DATA STRATEGIES – As We Shift Toward Biologics, We Also Need to Shift Toward Smarter Data Management
Despite the curveball the pandemic threw us, 2020 was a year for the books in the way of FDA approvals — 53 new medicines were approved, second only to the all-time high of 59 in 2018.1 Throughout the past few years, there’s been a clear trend in the makeup of approvals, with biologics representing a growing percentage.2 But even within biologics, newer technologies like mRNA, cell, and gene therapies are gaining ground. The approvals are not one-off events, but evidence of an exciting long-term trend — these technologies will have massive impacts on human health throughout the next decades, and we should expect to see innovative biologics accounting for more and more of the drug landscape in the coming years.
The trend is also reflected in many of the individual portfolios of biopharmaceutical organizations: biologics may make up 50% to 60% of a company’s new products. Among the top 20 pharmaceutical companies, almost all are making monoclonal antibodies. For cell and gene therapies, at least two dozen companies are now well established in the area, and more small companies are moving in that direction. And whereas about 12 companies were researching mRNA therapies before the pandemic, this number has now increased significantly.
These trends should make it clear to organizations that we’re at an inflection point — this is truly the century of biology, and biology is much richer and more varied than it was just years ago. Investors have certainly pricked their ears and are putting more money into the area.
We should therefore expect to see increased competition between the players who are developing these therapies. Biologics have quickly become billion-dollar revenue streams that need to be moved out of R&D and into the market and patients. Speed is important, not just for patients, but also for the organization — the first monoclonal antibody to serve unmet need X has a much greater competitive advantage over the second monoclonal antibody to do so. It’s clear that companies large and small need to start building capacity for the future and prepare to get new therapies faster to market.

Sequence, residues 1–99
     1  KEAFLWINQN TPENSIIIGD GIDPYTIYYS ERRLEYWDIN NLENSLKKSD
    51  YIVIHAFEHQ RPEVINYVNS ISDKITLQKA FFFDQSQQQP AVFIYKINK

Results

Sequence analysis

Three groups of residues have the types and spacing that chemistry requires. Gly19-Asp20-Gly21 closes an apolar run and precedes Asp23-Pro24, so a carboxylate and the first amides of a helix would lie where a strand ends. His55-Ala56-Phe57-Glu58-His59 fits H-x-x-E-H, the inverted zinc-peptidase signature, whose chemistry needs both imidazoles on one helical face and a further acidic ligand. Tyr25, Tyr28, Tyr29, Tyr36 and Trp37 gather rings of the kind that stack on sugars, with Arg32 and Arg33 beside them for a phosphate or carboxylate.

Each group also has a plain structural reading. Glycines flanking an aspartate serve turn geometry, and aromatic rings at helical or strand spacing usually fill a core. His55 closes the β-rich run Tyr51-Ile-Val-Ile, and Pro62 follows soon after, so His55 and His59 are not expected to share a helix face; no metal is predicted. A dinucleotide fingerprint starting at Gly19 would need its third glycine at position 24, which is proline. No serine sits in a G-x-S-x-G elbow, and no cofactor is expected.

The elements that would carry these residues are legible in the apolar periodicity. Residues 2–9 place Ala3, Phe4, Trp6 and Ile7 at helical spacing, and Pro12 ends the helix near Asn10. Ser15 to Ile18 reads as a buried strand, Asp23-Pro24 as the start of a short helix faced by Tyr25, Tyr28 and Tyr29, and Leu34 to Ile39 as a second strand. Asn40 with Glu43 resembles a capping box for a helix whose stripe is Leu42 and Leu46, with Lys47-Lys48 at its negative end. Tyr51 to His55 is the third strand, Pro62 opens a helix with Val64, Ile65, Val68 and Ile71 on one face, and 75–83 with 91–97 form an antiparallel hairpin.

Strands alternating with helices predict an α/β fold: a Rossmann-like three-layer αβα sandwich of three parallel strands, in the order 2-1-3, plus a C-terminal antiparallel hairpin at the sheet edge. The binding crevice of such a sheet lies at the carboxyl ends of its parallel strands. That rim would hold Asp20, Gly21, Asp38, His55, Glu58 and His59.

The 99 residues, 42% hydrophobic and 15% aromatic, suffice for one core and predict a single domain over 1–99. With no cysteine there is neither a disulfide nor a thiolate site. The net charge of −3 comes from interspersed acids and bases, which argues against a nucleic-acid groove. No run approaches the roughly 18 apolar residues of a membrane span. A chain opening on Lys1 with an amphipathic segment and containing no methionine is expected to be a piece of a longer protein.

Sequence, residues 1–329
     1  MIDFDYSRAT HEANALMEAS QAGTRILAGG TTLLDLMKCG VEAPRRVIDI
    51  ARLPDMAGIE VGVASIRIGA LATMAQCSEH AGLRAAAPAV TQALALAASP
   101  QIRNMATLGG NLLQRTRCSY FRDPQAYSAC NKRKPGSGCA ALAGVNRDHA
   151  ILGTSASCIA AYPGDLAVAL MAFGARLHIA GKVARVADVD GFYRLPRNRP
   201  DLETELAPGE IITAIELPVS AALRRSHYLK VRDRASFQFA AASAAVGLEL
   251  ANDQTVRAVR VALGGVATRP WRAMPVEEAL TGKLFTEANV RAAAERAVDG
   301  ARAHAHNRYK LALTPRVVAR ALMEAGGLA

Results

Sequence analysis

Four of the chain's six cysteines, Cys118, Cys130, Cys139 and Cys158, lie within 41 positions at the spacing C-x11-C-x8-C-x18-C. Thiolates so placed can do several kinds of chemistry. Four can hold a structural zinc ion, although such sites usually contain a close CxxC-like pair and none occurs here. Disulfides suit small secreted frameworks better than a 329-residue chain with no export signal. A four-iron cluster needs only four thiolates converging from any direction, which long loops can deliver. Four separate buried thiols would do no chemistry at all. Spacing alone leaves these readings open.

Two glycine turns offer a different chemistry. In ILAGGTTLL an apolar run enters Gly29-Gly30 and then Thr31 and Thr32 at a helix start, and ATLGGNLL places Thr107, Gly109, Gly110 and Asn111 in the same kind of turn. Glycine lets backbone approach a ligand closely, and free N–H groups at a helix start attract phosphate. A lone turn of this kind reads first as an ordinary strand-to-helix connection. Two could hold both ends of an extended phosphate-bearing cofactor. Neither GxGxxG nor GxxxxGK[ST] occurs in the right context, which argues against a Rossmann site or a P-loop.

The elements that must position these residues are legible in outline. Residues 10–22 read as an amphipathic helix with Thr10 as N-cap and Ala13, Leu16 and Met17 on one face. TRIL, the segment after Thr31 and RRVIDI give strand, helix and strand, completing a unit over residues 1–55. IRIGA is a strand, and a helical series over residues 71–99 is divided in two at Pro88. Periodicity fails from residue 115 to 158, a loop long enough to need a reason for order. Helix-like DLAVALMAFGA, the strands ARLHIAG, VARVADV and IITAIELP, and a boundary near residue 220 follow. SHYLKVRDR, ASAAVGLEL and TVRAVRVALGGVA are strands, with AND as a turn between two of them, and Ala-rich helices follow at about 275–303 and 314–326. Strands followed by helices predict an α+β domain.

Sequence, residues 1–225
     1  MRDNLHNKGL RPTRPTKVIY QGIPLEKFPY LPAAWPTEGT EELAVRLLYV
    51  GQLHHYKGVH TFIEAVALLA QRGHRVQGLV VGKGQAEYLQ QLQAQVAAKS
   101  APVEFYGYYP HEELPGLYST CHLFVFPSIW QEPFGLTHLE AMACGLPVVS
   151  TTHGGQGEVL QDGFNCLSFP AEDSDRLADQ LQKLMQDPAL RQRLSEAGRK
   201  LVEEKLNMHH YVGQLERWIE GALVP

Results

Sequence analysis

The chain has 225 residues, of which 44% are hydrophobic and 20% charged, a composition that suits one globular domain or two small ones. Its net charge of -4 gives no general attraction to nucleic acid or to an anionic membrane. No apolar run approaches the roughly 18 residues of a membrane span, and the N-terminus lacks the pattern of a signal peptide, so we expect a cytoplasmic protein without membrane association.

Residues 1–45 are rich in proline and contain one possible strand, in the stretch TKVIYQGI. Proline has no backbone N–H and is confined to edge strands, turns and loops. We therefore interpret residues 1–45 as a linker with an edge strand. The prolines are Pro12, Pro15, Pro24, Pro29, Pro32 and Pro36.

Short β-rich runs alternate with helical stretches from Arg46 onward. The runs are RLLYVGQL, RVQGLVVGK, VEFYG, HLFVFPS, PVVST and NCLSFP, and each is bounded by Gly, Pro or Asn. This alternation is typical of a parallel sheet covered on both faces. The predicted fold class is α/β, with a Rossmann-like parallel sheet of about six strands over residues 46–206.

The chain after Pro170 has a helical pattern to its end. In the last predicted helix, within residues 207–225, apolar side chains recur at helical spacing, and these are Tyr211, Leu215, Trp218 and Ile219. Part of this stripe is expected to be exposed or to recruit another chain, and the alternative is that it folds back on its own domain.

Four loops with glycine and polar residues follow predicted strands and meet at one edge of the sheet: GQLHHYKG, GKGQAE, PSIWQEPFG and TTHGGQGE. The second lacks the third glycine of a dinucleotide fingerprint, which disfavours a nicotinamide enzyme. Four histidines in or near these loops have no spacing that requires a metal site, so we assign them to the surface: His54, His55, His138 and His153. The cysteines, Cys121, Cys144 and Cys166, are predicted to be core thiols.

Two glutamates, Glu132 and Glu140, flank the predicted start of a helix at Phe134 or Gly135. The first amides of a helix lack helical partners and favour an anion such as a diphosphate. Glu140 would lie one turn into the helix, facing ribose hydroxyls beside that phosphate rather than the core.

A key consideration in this competition is that lifecycle development is much more complicated for biologics than for small molecule drugs. Whereas the chemical compound itself is what’s patented in small molecules, for a biologic, much of the IP is in the know-how associated with the process to produce a biologic. “The process is the product” is a phrase often used in the industry, meaning the value has shifted from the therapy to the process that can repeatedly produce that therapy safely and at scale. This highlights the importance of data and a company’s ability to capture it across the entire development lifecycle.
To support biologics development and speed it along, a new strategy to collect, manage, store, and draw insight from data is required: a biopharmaceutical lifecycle management (BPLM) system.3 This type of system captures data at the point of execution across the entire development lifecycle and creates a contextualized data backbone, which deepens the insights that are drawn from the data and makes them easier to interpret. This is a fundamentally different way of thinking about data, and one that involves bringing tech transfer into the equation right from the beginning.
Unfortunately, a startling number of organizations still rely on antiquated methods of data collection. In a recent survey, 50% of participants were using legacy applications such as electronic lab notebooks (ELN) to record process development work; the other 50% were using a mix of paper and Excel spreadsheets and standalone instrument software.4 In addition, 62% of participants reported spending at least 5 hours a week on data administration, and in some cases, more than 20 hours a week. Too often, there is an attempt to make one process or one lab more productive with an ELN or laboratory information management system (LIMS) — but sets of data still become siloed and difficult to integrate.